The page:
Agenda item

Rail Schemes Development and Delivery

To consider a presentation regarding the development and delivery of rail schemes

 

 

Minutes:

The Committee received a presentation from Merseytravel’s Senior Head of Service Operations regarding the development and delivery of rail schemes.

 

Councillor McGlashan commended the detail contained within the presentation. He also expressed his pleasure at seeing Headbolt Lane mentioned; connectivity from Liverpool to Skelmersdale had been an aspiration for many years and the fact it had taken 15 years to get to its current stage demonstrated the significant costs involved in the development and delivery of rail schemes. He further referred to the accessibility issues at Prescot Station. The Shakespeare North theatre was soon to open in the area which would see increased patronage at the station and the need for these issues to be addressed.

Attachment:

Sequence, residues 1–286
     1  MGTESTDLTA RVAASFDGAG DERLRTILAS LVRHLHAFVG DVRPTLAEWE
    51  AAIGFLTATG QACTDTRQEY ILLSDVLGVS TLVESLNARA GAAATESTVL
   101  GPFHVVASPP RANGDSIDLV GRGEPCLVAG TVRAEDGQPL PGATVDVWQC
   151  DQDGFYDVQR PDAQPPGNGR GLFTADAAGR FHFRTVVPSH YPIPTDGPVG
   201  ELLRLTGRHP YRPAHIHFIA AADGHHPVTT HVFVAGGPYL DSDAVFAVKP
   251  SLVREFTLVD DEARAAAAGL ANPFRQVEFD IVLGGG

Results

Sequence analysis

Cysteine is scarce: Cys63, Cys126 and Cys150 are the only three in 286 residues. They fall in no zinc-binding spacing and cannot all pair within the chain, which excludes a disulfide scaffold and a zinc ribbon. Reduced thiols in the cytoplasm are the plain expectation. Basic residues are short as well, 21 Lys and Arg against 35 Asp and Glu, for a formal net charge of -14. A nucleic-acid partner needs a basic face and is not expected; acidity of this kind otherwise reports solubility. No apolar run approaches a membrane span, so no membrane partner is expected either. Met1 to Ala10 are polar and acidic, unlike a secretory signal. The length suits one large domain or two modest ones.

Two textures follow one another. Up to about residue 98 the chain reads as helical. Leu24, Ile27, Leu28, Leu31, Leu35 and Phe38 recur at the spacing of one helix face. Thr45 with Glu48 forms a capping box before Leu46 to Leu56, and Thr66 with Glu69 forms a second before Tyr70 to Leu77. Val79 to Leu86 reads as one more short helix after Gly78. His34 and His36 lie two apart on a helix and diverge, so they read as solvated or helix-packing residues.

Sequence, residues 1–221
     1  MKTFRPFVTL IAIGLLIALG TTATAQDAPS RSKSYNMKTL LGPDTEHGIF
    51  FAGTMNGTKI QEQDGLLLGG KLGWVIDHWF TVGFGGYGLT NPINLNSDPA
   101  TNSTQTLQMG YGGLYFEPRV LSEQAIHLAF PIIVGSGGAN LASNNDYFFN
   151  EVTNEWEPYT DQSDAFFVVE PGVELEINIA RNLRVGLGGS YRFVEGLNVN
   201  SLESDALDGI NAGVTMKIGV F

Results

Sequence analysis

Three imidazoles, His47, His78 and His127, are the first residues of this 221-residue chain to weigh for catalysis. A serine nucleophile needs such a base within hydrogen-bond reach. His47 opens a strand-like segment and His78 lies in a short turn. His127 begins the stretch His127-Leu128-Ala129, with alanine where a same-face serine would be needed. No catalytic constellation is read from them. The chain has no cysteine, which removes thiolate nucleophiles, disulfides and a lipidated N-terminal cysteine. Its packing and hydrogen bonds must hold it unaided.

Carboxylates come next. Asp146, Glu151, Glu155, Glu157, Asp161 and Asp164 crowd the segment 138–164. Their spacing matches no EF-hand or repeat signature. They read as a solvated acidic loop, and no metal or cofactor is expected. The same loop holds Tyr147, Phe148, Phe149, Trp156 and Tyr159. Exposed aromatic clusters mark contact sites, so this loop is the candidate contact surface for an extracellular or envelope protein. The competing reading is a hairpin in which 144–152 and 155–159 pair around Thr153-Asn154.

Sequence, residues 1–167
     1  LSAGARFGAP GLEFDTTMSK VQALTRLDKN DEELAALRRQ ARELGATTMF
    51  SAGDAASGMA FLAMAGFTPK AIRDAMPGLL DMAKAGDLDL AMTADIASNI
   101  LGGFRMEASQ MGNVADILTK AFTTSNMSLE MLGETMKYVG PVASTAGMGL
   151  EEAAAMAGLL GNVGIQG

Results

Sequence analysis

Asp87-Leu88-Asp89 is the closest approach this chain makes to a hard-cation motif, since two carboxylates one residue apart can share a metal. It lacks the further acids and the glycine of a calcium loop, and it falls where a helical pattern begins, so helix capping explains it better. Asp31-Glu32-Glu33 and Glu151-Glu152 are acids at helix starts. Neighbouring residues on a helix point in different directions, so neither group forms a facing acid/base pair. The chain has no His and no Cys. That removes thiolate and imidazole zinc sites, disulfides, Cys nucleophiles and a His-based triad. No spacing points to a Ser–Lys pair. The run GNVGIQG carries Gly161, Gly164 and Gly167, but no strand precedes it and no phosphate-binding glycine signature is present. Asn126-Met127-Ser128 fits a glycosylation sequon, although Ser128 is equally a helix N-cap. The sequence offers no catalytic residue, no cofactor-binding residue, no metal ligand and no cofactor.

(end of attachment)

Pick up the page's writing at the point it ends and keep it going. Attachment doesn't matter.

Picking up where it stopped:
The Senior Head of Service Operations commented that when the Long Term Rail Strategy was compiled in 2014 it took time to work out the ‘behind the scenes’ work regarding Skelmersdale and where Headbolt Lane fitted in. Merseytravel were now represented on a Board led by Lancashire County Council, as 85% of the infrastructure was outside of Merseyside, and a flow chart for the delivery of this scheme had now been developed. In relation to Prescot Station, this would be part of a submission for Single Investment Fund (SIF) funding to undertake the improvements needed; the deadline for the Strategic Outline Case submission was 9 December 2016.